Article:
Monday, 11 December 2017

Monday 11th December: Virgin of the Lilies

Flipping heck it's cold here!  I know it's winter but it was about 10 degrees a day or two ago and now it's zero!  I am now constantly attached to a hot water bottle and it seems a perfect moment to bring you the following frosty painting...

Virgin of the Lilies (1899) Carlos Schwabe
The Virgin and child follow the parade of lilies in a snow-strewn landscape, their twin halos providing moonlight, further illuminating the glistening white snow.  The lilies seem to stand in for a choir of angels, singing their praises to the heavenly couple.  They also could be taken for a heavenly staircase, their stems looking like banisters.  In sharp contrast to all the white light, the sky and foreground is deep, dark blue, making the whole seem slightly sinister.

Detail of Death and the Gravedigger (1890s)
Not that Schwabe was averse to a bit of sinister-ness in the snow.  Possibly his most famous image is Death and the Gravedigger, with the angel of death (modelled for by Mrs Schwabe) striking down the elderly chap in the handily open grave.  Mrs Schwabe modelled for his angels and virgins and so was both the angel of death and probably the Virgin in the Lilies. Schwabe was a Symbolist and participated in the Salon de la Rose + Croix, six festivals of the arts, in 1890s Paris, and his works featured allegorical female figures, and visions of life and death.

The Annunciation (no date)
Schwabe's Virgin of the Lilies above is in contrast to his rather more traditional Annunciation.  Other than the weirdly purple shrubbery, the glowing angel-cloud that has appeared to a jolly looking Mary is rather sweet looking and not at all creepy.  It's another painting where Mary seems to be a flower in the garden, a lavender lily in the mauve garden.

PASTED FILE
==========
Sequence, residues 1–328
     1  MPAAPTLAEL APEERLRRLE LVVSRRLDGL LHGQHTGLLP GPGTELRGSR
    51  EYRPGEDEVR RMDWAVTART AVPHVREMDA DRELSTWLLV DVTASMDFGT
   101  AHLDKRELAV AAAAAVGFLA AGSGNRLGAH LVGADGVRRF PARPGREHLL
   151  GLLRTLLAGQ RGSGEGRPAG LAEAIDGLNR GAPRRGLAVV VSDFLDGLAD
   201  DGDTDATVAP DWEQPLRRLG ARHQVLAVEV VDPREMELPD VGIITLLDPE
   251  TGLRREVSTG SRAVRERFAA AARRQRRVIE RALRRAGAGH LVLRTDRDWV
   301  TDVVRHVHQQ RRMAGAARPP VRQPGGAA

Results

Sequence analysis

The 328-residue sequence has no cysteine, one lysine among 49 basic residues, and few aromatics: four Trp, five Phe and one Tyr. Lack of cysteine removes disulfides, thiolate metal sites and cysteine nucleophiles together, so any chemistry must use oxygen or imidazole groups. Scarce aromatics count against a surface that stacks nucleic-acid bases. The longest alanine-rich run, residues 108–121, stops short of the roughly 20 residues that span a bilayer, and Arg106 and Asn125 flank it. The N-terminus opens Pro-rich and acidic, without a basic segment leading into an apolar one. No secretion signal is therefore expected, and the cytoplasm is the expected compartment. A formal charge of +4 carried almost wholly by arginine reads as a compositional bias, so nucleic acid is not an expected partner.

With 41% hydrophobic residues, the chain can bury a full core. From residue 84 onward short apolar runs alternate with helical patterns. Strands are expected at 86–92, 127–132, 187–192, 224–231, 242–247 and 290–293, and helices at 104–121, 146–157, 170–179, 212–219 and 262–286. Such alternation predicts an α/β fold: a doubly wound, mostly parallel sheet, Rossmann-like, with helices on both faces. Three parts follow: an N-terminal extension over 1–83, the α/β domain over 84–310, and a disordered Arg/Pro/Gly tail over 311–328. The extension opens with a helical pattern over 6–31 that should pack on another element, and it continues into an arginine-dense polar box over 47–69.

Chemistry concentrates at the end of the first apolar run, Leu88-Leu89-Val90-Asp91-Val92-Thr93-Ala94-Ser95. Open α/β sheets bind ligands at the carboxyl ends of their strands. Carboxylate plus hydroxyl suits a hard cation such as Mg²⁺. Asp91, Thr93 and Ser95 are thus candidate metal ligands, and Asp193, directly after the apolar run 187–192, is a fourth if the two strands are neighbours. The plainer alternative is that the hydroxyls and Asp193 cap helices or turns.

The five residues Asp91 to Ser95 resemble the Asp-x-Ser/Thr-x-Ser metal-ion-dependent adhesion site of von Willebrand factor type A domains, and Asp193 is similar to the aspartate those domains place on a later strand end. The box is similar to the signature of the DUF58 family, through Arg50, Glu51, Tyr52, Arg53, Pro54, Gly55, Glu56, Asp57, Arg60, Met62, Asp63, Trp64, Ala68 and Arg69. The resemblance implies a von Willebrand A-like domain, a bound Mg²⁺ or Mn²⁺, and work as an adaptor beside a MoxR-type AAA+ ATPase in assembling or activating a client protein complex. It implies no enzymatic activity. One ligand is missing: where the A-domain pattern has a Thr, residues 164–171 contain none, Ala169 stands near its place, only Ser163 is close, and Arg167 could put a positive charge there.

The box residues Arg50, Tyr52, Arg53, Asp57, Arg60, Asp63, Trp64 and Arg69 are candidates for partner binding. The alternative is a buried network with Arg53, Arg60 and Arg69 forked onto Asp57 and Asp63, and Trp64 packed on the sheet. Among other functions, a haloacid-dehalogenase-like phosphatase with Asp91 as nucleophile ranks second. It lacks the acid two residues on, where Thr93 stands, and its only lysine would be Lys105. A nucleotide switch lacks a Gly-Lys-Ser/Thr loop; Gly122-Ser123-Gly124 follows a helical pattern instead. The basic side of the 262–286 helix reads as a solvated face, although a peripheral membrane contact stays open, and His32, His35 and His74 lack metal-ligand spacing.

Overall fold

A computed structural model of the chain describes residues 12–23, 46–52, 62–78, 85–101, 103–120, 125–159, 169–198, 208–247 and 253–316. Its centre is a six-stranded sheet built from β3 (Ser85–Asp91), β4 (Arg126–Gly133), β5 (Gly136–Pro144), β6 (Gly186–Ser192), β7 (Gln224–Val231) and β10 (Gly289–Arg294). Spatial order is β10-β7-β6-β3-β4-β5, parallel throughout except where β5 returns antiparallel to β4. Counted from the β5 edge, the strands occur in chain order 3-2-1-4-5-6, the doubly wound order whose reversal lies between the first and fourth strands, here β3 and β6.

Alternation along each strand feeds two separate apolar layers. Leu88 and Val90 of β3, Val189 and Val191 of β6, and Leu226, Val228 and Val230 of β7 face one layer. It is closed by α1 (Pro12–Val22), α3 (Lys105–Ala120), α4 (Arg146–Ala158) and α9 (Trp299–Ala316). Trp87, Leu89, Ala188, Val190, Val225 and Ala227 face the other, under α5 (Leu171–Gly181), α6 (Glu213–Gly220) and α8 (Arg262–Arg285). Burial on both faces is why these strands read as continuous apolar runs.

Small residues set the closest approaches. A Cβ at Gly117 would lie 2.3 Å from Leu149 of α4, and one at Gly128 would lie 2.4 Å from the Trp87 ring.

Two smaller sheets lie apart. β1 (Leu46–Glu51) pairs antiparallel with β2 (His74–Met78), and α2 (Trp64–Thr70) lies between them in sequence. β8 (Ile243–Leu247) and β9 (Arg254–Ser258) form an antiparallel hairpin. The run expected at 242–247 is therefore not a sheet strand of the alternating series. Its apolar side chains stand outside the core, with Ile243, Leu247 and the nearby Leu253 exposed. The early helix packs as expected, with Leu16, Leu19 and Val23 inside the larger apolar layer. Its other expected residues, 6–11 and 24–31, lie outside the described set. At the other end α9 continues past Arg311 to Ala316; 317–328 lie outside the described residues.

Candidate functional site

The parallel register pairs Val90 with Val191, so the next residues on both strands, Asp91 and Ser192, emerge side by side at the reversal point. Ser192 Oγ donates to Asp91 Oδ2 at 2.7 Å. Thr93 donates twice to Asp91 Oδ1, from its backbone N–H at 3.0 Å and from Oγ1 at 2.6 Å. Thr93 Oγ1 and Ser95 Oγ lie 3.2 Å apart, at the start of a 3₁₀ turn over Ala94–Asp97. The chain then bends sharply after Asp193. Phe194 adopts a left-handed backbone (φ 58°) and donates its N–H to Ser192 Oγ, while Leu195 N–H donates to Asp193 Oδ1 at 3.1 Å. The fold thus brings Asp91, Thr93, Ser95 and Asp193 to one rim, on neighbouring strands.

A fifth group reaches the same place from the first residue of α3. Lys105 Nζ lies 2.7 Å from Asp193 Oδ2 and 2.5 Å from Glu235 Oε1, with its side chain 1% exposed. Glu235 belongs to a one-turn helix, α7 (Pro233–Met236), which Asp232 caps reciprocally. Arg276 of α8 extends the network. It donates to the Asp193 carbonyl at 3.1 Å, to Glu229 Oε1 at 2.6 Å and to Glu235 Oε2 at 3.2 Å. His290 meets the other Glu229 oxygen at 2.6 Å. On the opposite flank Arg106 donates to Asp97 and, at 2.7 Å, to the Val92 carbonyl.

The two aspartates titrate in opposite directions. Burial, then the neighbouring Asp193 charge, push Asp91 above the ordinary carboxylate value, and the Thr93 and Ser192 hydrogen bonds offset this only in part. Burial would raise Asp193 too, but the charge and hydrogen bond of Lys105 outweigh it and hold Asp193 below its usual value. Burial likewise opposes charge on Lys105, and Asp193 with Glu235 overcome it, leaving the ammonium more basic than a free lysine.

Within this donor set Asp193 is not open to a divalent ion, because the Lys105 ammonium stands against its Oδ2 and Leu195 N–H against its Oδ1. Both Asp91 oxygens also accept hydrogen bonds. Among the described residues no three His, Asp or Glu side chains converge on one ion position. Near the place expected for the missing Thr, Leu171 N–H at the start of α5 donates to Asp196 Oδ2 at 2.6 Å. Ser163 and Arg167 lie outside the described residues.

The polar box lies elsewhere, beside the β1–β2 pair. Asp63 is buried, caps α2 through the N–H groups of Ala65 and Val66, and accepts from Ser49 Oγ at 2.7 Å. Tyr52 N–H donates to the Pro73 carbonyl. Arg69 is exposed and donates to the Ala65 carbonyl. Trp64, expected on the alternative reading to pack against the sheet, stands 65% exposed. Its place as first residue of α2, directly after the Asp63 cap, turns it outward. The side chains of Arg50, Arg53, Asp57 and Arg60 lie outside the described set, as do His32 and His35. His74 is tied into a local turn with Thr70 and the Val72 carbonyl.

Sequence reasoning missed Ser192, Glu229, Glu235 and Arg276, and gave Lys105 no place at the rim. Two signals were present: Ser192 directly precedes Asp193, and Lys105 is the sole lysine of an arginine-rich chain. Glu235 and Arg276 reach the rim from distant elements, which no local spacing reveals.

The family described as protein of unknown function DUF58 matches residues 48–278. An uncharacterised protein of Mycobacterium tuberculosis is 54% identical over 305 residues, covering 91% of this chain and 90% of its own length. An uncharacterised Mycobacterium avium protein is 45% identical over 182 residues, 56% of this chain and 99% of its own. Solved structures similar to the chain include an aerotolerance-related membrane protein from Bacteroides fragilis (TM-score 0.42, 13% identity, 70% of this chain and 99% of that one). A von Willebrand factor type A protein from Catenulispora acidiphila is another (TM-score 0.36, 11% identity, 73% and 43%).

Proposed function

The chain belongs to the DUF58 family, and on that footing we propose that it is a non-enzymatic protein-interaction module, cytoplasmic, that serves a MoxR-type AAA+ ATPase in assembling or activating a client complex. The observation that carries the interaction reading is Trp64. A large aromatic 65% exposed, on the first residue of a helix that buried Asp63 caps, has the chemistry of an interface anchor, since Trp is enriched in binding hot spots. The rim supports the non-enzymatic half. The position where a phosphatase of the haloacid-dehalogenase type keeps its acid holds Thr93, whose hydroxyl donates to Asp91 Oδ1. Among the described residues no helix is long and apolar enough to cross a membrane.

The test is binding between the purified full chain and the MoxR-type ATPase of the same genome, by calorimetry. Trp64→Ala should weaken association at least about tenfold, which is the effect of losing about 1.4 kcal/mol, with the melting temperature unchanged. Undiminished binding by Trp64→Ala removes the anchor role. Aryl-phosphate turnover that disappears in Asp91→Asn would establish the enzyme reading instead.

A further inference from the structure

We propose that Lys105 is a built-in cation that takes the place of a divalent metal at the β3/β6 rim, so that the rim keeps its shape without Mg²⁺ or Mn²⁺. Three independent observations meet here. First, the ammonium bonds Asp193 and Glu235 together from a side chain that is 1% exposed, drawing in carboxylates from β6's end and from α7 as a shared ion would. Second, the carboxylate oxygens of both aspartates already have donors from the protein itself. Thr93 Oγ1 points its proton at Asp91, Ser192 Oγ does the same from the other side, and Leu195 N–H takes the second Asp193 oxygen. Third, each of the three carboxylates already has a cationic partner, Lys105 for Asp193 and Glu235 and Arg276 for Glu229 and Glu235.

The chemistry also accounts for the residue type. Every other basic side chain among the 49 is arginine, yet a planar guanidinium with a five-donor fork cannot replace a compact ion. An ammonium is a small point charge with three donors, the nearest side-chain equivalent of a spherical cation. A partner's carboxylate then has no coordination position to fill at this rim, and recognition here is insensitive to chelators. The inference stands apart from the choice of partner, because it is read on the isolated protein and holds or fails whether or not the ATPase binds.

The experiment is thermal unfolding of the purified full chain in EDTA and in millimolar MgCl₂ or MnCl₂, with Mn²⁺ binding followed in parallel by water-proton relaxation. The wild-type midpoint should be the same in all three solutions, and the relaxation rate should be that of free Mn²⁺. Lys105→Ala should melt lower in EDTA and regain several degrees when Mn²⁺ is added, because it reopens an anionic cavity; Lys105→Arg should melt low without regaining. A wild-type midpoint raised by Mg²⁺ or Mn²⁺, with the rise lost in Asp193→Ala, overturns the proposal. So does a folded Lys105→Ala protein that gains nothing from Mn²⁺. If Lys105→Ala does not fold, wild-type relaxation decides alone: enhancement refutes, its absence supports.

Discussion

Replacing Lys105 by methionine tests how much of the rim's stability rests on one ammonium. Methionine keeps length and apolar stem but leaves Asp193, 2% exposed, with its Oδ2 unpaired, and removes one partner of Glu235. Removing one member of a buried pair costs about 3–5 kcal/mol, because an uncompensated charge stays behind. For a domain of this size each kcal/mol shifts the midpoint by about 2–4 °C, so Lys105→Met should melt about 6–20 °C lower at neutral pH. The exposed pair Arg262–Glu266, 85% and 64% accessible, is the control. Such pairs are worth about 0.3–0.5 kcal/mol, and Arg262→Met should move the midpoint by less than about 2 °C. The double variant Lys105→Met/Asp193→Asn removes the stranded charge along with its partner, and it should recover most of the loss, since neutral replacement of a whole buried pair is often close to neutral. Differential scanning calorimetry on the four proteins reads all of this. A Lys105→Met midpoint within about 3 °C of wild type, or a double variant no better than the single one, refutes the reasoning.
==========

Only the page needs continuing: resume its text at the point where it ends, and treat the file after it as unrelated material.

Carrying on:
Virgin of the Lilies (1912)
He was obviously partial to a tall lily, was Mr Schwabe, especially when it came to the Virgin Mary.  There is a sense that Mary has become a woman spontaneously from one of those tall stems, like a reverse of the myth where the gods turn a woman into a plant, a sunflower or a laurel.  Here we have a pure white lily made flesh, the only thing pure enough to give birth to the magical baby who will save us all.  Schwabe envisioned her in a landscape of night, a dense mauve garden and a sprawling landscape of fresh green fields, with the host of lily-angels flanking her.  For the Symbolist artist, Mary and Jesus exist as part of a garden, among and almost imprisoned by a forest of lilies, their purity keeping them apart from the world.  Schwabe sees his Virgin as resplendent but distant from us.  She might have our saviour in her arms but she has to get past the lilies first...

See you tomorrow...

No comments:

Post a comment

Many thanks for your comment. I shall post it up shortly! Kx